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Posts tagged: new age

Occult Secrets Of the Avant-Garde

Klint Finley

From a “document presented to individuals who have been invited to join the Neoist Alliance”:

Anyone who has allowed the scales to fall from their eyes can see that the world’s top occultists are to be found among the ruling class and that those New Age groups who attract disciples by offering training in ‘chaos magick’, ‘creative visualisation’ or ‘rubbing the Buddha for money’, are worse than mere rank amateurs, they are shameless charlatans. Indeed, many of them are quite consciously working to prevent the development of a system of symbol manipulation that is completely autonomous of the state. Currently, Masonry is marshalled in defence of the status quo, but as the Bavarian Illuminati demonstrated in the eighteenth-century, power always flows in two directions and it rarely emanates from what is widely misperceived as constituting the ‘centre’. The cellular form of secret societies devised by the founders for the security of the movement, can as readily be used to hoodwink the leadership, who thus become unwitting front men for activities they would never countenance. By infiltrating the Lodges of Masonry, it is possible to spread a heretical message of freedom across the world.

Stewart Home Society: Occult Secrets Of the Avant-Garde

Not that there’s much power in the lodges these days. But the model is still alive and well at the The Church of Jesus Christ of Latter-day Saints (aka the Mormon Church). Alcoholics Anonymous is pretty interesting as well.

Previously: Occult Battles On The Streets Of London, 1993

Synesthesia May Explain Aura Reading

From Science Daily:

In basic neurological terms, synesthesia is thought to be due to cross-wiring in the brain of some people (synesthetes); in other words, synesthetes present more synaptic connections than “normal” people. “These extra connections cause them to automatically establish associations between brain areas that are not normally interconnected,” professor Gómez Milán explains. New research suggests that many healers claiming to see the aura of people might have this condition. […]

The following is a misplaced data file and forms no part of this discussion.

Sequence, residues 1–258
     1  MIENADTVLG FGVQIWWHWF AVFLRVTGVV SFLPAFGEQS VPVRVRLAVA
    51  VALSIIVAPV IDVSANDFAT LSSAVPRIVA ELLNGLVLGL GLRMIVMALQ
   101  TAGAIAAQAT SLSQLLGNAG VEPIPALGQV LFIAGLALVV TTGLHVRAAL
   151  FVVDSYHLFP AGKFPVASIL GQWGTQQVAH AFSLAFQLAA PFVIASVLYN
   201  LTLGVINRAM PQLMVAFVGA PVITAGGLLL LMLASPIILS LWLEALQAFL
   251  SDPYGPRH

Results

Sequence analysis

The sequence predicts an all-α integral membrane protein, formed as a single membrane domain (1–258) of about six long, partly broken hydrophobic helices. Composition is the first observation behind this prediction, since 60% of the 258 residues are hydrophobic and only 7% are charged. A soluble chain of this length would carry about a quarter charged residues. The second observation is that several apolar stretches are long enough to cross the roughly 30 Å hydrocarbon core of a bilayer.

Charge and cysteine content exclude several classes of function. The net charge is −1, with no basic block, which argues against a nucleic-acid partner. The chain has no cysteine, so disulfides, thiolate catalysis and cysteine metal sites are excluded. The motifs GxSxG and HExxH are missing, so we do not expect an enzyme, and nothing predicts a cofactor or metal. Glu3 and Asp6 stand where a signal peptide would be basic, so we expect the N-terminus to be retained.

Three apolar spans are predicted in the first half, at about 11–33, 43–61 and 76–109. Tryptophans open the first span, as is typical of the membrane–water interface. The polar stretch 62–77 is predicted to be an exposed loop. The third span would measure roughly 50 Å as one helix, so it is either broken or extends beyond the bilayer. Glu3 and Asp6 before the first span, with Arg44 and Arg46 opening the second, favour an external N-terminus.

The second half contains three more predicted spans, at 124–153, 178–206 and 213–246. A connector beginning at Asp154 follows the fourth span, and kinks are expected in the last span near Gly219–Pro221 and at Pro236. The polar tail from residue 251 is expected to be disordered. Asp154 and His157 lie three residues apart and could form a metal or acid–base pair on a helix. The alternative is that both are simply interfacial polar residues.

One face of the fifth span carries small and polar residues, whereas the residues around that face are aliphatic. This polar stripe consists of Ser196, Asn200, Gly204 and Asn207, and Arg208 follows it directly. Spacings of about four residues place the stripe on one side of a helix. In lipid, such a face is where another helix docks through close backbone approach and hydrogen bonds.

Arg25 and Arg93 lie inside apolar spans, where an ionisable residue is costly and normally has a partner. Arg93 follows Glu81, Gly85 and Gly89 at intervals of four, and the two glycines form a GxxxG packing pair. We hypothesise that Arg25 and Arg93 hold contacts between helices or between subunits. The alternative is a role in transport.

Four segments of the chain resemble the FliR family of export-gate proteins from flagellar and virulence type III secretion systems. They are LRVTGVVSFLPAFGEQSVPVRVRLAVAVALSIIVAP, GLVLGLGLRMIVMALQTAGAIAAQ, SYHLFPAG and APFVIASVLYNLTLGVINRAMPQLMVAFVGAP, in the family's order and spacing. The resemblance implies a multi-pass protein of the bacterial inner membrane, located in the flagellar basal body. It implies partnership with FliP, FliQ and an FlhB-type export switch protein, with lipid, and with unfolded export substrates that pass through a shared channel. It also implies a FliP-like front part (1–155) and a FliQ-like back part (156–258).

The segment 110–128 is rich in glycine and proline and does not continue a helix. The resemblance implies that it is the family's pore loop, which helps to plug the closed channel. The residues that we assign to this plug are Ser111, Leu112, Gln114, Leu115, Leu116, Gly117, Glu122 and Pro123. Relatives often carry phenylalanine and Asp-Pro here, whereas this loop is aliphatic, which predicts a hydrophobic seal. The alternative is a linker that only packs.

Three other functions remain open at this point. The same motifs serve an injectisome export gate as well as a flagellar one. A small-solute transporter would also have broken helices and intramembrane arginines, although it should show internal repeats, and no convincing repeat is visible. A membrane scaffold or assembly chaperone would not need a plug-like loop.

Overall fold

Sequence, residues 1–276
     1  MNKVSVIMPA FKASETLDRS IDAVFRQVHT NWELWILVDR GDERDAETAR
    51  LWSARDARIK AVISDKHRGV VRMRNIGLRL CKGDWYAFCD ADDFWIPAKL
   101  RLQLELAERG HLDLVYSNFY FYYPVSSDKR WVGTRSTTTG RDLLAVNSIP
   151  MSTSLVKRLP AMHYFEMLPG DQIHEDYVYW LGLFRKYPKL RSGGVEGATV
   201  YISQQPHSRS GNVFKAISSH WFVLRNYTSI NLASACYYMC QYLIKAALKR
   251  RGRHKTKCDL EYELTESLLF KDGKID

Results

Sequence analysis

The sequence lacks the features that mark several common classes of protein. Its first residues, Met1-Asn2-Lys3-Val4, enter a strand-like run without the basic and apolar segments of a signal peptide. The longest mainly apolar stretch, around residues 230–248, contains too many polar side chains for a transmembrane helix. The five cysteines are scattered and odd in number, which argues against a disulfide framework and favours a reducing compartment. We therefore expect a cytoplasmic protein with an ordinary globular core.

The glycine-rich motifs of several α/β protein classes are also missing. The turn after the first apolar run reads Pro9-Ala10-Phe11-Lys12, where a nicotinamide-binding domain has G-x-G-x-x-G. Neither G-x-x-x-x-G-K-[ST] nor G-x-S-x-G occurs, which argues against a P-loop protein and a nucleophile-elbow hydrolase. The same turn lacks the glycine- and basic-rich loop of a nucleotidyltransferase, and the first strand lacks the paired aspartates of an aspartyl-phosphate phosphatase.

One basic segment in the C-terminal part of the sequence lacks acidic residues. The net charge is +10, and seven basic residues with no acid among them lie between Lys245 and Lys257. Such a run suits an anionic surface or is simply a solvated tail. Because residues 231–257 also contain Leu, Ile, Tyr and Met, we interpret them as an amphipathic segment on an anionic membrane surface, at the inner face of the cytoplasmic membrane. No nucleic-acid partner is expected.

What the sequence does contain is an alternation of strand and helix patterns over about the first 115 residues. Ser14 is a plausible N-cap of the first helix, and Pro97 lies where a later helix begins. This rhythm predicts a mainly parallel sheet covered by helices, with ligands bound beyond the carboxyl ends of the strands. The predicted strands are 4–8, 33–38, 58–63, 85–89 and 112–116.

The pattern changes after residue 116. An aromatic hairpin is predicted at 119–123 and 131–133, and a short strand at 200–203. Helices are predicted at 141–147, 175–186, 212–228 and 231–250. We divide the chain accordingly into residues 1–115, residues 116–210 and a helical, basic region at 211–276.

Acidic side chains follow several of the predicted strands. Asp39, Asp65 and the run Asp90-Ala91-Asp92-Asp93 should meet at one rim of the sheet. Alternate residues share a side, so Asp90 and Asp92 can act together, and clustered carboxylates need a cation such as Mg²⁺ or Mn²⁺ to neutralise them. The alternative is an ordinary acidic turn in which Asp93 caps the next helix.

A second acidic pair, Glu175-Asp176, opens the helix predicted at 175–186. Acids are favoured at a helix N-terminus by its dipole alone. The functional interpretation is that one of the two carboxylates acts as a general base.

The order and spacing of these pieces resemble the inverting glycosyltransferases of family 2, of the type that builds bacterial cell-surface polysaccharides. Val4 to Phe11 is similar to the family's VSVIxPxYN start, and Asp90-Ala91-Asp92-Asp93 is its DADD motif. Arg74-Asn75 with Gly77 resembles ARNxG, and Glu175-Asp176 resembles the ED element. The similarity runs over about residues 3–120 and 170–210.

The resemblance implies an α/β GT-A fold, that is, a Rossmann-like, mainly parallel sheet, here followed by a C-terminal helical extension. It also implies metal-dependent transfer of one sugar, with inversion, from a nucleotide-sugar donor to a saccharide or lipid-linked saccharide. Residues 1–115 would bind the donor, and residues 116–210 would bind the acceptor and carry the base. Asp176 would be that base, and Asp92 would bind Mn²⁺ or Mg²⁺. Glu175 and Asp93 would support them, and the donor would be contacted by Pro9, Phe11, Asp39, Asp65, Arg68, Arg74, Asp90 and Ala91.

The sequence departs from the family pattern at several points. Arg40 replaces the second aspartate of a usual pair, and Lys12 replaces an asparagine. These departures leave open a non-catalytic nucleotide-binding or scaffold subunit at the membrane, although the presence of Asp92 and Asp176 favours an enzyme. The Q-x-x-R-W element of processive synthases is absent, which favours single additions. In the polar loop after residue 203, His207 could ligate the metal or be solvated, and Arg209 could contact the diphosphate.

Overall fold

Many local people attribute “paranormal powers” to El Santón, because of his supposed ability to see the aura of people “but, in fact, it is a clear case of synesthesia,” the researchers explained. According to the researchers, El Santón has face-color synesthesia (the brain region responsible for face recognition is associated with the color-processing region); touch-mirror synesthesia (when the synesthete observes a person who is being touched or is experiencing pain, s/he experiences the same); high empathy (the ability to feel what other person is feeling), and schizotypy (certain personality traits in healthy people involving slight paranoia and delusions). “These capacities make synesthetes have the ability to make people feel understood, and provide them with special emotion and pain reading skills,” the researchers explain.

Full Story: Science Daily: Synesthesia May Explain Healers Claims of Seeing People’s ‘Aura’

(via Matt Staggs)

I’ve long suspected this to be true. I’ve met a couple of people who claimed to be able to see auras and didn’t seem to be liars or crazy.

2012 - a crock of shit

Mark Dery writes:

Pinchbeck, like New Age thinkers all the way back to Madame Blavatsky, preaches a refried gospel of ancient wisdom and mystical, supra-rational knowledge. In 2007, he told The New York Times that “the rational, empirical worldview…has reached its expiration date…we’re on the verge of transitioning to a dispensation of consciousness that’s more intuitive, mystical, and shamanic.”

Well, somebody say “Amen”! There’s entirely too much rationalism and empiricism clouding the American mind these days, in a nation where, according to the Harris and other polls, 42% of Republicans are convinced President Obama wasn’t born in the United States, 10% of the nation’s voters are certain he’s a Muslim, and 61% of the population believe in the Virgin birth but only 47% believe in Darwinian evolution. […]

When I asked her what she thought of Pinchbeck’s invocation of Mayan beliefs, and of the 2012-ers’ use of the Maya in general, she was blunt. “What makes me angriest about Pinchbeck’s bogus, profiteering bullshit isn’t so much him, but the fact that that many people are racist enough to believe any asshole white guy who declares himself an expert in Mayan culture. Did it ever occur to anyone to ask practicing Maya priests out in the villages? […] It absolutely enrages me that while people I know in Guatemala, traditional priests, are struggling to figure out how to provide clean drinking water to their families, how to feed their communities, how to avoid being shot by the gangs and thieves that plague the roads more than ever—-while they’re struggling to survive and keep their communities intact, assholes like Pinchbeck are making a buck off of white man’s parodies of their culture.”

h+: 2012: Carnival of Bunkum

(via Chris Arkenberg)

See also: Tracing the origins of the 2012 phenomenon